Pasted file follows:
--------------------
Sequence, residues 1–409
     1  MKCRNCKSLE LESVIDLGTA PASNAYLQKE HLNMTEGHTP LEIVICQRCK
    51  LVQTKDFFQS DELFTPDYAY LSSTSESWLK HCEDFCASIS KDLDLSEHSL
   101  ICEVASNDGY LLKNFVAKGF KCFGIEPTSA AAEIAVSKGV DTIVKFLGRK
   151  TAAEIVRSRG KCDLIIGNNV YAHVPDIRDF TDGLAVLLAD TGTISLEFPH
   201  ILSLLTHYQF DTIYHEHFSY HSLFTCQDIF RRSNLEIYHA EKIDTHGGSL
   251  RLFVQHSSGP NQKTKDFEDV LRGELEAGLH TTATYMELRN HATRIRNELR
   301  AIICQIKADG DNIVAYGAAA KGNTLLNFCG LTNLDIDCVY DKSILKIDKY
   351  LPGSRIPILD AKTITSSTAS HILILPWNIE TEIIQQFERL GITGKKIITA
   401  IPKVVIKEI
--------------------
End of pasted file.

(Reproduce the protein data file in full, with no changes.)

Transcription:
Sequence, residues 1–409
     1  MKCRNCKSLE LESVIDLGTA PASNAYLQKE HLNMTEGHTP LEIVICQRCK
    51  LVQTKDFFQS DELFTPDYAY LSSTSESWLK HCEDFCASIS KDLDLSEHSL
   101  ICEVASNDGY LLKNFVAKGF KCFGIEPTSA AAEIAVSKGV DTIVKFLGRK
   151  TAAEIVRSRG KCDLIIGNNV YAHVPDIRDF TDGLAVLLAD TGTISLEFPH
   201  ILSLLTHYQF DTIYHEHFSY HSLFTCQDIF RRSNLEIYHA EKIDTHGGSL
   251  RLFVQHSSGP NQKTKDFEDV LRGELEAGLH TTATYMELRN HATRIRNELR
   301  AIICQIKADG DNIVAYGAAA KGNTLLNFCG LTNLDIDCVY DKSILKIDKY
   351  LPGSRIPILD AKTITSSTAS HILILPWNIE TEIIQQFERL GITGKKIITA
   401  IPKVVIKEI